Podcasts: digitising an oral tradition
The tradition of telling stories is not unique to the Middle East, but this part of the world has for millennia enjoyed tales of love, adventure and divine power expressed in oral lore and passed down generation to generation. This culture of oral tradition is evident today in the popularity of radio, where the medium reaches more than three quarters of the populations in Saudi Arabia, the UAE and Lebanon.
In following with this tradition, podcasts and audiobooks are also picking up pace in the Middle East and North Africa (Mena). While figures are hard to come by, research conducted by UAE-based podcast producer Kerning Cultures and in5, Dubai’s media incubator, suggest there are up to 300 active podcast shows in Arabic and English across the Middle East.
“Radio currently reaches more households in the Middle East and North Africa than television,” says Hebah Fisher, co-founder and chief executive officer (CEO) at Kerning Cultures. “Digital listening behaviour is already here, Saudis today spend more time listening to digital audio than Americans.”
While there are up to half a million active podcasts in markets like the West according to Fisher, the opportunity in Mena is “huge…Podcasts are media’s next growth market”, she says.
There are already several podcast producers in the region, including Jordan-based Sowt and Saudi Arabia’s Ilm FM and as the international audio streaming services have shown an interest in Mena, access to podcasts should become easier.
The number one podcast in the Middle East, according to iTunes rankings and listened to in 129 countries is When Women Win, a series of podcasts focusing on successful women, led by UAE-based host Rana Nawas.
"I started When Women Win to give women everywhere access to awesome boss ladies from all walks of life who inspire and educate, sharing eye-opening stories as well as practical tips and tools that helped them succeed," says Nawas. “To make [podcasts] worth your while, it’s got to be about something you care about deeply and be of interest to a group you can define clearly.”
Audio on the Move
With some of the world’s longest commute times, (96 minutes in the UAE and 84 minutes in Egypt according to Dalia Research), podcasts and audiobooks are becoming a popular alternative to radio and music for many drivers and commuters.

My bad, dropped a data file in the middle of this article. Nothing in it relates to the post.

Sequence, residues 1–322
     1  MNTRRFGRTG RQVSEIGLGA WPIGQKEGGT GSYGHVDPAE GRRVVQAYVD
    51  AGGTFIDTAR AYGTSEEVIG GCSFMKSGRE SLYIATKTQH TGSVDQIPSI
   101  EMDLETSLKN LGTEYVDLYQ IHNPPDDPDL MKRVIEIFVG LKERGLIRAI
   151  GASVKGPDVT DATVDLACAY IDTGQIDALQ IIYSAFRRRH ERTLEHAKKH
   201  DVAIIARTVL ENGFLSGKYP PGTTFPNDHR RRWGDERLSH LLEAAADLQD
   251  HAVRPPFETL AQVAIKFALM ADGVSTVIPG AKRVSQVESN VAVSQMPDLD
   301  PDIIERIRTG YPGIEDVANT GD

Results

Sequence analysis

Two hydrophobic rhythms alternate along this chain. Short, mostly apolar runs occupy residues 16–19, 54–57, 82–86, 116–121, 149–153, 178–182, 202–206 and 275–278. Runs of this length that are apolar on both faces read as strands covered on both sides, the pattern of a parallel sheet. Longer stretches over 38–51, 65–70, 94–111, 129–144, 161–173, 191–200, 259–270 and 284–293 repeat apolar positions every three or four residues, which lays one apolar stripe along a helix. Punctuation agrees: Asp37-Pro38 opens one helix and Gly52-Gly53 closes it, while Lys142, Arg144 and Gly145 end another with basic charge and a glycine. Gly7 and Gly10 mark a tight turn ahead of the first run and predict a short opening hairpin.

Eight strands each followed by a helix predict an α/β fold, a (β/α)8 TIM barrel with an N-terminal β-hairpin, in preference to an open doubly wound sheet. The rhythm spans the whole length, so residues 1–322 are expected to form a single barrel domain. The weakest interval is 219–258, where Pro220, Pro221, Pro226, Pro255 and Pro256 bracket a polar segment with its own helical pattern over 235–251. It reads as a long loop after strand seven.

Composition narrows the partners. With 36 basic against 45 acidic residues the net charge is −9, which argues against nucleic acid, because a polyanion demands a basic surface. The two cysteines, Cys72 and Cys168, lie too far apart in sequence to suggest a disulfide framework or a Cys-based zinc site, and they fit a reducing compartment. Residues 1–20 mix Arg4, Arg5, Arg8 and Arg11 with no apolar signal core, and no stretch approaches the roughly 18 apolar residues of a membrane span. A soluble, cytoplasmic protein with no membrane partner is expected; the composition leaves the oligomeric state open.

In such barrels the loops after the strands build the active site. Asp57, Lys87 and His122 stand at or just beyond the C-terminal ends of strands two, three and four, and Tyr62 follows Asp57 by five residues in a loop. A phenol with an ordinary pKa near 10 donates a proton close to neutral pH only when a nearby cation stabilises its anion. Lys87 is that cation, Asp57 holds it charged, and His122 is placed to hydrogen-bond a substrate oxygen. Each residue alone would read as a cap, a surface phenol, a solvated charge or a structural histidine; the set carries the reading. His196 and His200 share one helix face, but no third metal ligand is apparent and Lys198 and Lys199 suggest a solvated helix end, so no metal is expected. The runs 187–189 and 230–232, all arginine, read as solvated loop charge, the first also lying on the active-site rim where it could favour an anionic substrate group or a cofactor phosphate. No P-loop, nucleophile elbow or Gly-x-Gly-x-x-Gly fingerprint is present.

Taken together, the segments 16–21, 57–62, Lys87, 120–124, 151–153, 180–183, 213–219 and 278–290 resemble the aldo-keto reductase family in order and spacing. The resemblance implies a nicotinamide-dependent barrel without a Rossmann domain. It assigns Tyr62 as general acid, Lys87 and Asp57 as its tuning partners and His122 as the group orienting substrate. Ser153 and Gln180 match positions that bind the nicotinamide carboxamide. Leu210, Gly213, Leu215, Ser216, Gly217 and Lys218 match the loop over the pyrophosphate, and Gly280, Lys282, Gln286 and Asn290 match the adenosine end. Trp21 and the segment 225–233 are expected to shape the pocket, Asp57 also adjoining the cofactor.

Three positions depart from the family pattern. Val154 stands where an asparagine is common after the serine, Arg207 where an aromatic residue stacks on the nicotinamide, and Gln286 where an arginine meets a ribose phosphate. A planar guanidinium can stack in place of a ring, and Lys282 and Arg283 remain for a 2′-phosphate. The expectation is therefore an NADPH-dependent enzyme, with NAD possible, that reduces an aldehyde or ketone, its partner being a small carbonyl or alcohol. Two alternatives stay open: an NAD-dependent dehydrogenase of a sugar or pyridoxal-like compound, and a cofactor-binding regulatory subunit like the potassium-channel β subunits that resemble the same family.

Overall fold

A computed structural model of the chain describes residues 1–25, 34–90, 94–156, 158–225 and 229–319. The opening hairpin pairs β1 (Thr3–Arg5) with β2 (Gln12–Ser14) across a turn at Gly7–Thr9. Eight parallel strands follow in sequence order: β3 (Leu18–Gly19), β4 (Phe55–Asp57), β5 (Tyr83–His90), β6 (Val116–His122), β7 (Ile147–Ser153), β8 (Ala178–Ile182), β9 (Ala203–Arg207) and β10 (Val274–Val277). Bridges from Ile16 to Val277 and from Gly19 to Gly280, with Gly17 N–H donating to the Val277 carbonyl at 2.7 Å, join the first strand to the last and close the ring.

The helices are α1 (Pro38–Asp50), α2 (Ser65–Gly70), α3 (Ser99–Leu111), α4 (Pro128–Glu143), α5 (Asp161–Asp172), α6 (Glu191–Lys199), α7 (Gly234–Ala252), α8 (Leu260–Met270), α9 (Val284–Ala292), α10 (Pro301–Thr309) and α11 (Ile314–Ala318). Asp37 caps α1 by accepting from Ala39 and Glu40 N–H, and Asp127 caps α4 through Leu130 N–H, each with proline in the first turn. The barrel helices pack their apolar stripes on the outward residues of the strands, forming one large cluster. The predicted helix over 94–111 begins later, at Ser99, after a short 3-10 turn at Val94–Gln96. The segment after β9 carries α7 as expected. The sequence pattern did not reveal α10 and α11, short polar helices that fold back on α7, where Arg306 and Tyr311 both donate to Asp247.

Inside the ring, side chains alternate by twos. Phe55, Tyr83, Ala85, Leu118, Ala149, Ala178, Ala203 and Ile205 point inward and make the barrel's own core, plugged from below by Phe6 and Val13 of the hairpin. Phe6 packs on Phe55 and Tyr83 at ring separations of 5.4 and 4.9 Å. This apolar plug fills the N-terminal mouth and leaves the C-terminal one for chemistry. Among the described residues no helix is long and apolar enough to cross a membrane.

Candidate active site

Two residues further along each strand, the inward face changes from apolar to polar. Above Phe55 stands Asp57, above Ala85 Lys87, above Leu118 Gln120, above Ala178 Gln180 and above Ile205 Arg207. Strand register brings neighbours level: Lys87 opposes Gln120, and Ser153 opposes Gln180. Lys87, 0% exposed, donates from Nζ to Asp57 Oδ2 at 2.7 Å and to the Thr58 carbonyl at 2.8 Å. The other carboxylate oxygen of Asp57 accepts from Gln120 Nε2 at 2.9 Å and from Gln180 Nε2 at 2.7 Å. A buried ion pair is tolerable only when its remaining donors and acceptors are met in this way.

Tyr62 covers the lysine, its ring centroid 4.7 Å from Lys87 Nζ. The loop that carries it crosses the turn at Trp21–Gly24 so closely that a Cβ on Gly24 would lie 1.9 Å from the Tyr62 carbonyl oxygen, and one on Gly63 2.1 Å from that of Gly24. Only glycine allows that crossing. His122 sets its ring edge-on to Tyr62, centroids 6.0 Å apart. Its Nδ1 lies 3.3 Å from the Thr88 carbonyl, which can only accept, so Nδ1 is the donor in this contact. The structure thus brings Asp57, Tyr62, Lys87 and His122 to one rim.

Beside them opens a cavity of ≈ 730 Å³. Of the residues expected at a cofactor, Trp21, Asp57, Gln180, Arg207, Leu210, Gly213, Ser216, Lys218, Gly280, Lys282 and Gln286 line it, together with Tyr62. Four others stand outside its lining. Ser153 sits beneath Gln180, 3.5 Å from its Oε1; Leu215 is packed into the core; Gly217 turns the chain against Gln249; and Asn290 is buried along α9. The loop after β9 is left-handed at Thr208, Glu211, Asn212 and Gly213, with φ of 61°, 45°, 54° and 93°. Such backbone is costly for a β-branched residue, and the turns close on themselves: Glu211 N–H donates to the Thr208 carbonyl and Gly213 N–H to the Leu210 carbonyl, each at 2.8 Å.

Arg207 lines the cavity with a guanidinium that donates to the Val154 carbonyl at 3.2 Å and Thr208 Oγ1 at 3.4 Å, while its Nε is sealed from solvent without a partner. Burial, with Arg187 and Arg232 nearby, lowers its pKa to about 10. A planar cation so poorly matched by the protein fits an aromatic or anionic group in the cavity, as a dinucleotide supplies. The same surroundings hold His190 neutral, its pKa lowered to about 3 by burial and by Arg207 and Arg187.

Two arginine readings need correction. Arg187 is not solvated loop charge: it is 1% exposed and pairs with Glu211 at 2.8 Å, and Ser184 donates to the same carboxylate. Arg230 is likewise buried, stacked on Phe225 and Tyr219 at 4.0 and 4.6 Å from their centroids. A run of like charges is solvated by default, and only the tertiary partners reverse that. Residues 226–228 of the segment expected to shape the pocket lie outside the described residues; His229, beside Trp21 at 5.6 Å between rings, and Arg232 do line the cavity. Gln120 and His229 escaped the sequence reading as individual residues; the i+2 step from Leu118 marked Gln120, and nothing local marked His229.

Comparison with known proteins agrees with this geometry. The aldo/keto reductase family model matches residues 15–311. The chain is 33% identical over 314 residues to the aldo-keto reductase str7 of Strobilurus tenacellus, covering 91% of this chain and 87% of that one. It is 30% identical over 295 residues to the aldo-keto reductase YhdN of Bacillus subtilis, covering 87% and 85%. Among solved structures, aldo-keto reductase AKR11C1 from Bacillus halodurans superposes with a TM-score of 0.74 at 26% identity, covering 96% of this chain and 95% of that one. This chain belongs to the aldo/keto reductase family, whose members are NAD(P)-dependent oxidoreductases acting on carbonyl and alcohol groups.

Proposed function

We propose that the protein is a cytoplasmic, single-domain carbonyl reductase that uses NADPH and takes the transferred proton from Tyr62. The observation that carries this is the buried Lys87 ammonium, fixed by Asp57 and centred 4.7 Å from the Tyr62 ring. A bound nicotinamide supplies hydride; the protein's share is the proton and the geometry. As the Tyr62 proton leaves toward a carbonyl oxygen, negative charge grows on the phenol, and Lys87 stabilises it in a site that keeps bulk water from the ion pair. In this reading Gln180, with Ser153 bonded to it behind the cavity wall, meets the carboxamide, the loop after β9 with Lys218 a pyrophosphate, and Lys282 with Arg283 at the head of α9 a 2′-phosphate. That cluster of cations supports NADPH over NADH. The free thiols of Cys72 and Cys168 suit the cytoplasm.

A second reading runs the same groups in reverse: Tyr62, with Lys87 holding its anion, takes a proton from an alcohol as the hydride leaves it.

For Stefano Fallah, CEO and founder of Lebanon-based Fallound, podcasts are the ideal audio companion for commutes.
“Fallound strives to make every commute an educational experience. Whether you’re driving in your car or simply walking to work, Fallound fills in every free time-slots with quality content,” says Fallaha.
The company’s algorithm identifies the length of time users will be driving and selects a podcast with the same duration. The company recently raised $125,000 and is looking to work with car manufacturers to embed its technology.
These long commute times have also benefited audiobooks. UAE-based Booklava, an online audio books platform, has started to scale after going through incubation at in5 in Dubai. Its CEO and founder Tarik El Bolbol, says the surface has barely been scratched for podcasts and audiobooks in Arabic and the region’s other languages.
“Spoken audio can be a solution for a region with difficulty in making a print or physical version of a book available in every library and every country,” he says.
Booklava recently signed partnerships with US-based HarperCollins to distribute its English books and with Abu Dhabi-based startup Haykal Media to distribute audio versions of its Arabic magazines such as Harvard Business Review Arabia and MIT Technology Review Arabia.
In a report from US-based Interactive Advertising Bureau and PWC, advertising revenues from podcasts generated $314 million in 2017 in the US, an increase of 86 per cent compared to 2016. There are no figures for the Middle East, where producers are diversifying their reach beyond advertising to generate revenue.
The Dukkan Show, a UAE-based culture podcast founded by Omar Tom, a former radio host, makes use of live events and partnerships to further its audience. With 128 episodes, the show now ranks top in the region for society and culture according to iTunes.
"We're not only doing podcasts anymore. We’re creating multi-platform content across the board” says Tom. “We don't just have an online relationship with listeners, we definitely aim to have on-the-ground activations.”
Dukkan was the first podcast in the world to host a #TodayAtApple talk in an Apple Store, and Tom is now partnering with companies to help produce podcasts for them and other content for platforms like Snapchat and Instagram.
In the case of Kerning Cultures, partnerships with the international media startup ecosystem have been fruitful. Following its graduation from media startup accelerator Matter, in San Francisco, Kerning Cultures found a partner to help monetise its audience.“After we graduated from Matter, we connected with RadioPublic, a media partner of Matter (and started getting paid per listen on their app). US-based players like RadioPublic aren't that well known in the Middle East, and we try to promote them as much as we can so everyone benefits,” says Fisher.
Kerning Cultures also tries to engage with listeners by hosting live ‘listening parties’.
“We see podcast listening parties as a great way to translate what is often a solitary listening experience into a communal one,” says Fisher. “Also, because podcasts are still quite new to the region, it's an effective way to introduce podcasts to a new listener – experientially.”
Whether listeners will tune in for the long-haul remains to be seen. The podcast market is still in its infancy in the region, but with high mobile penetration rates, long commute times and a young population, there is certainly room for growth.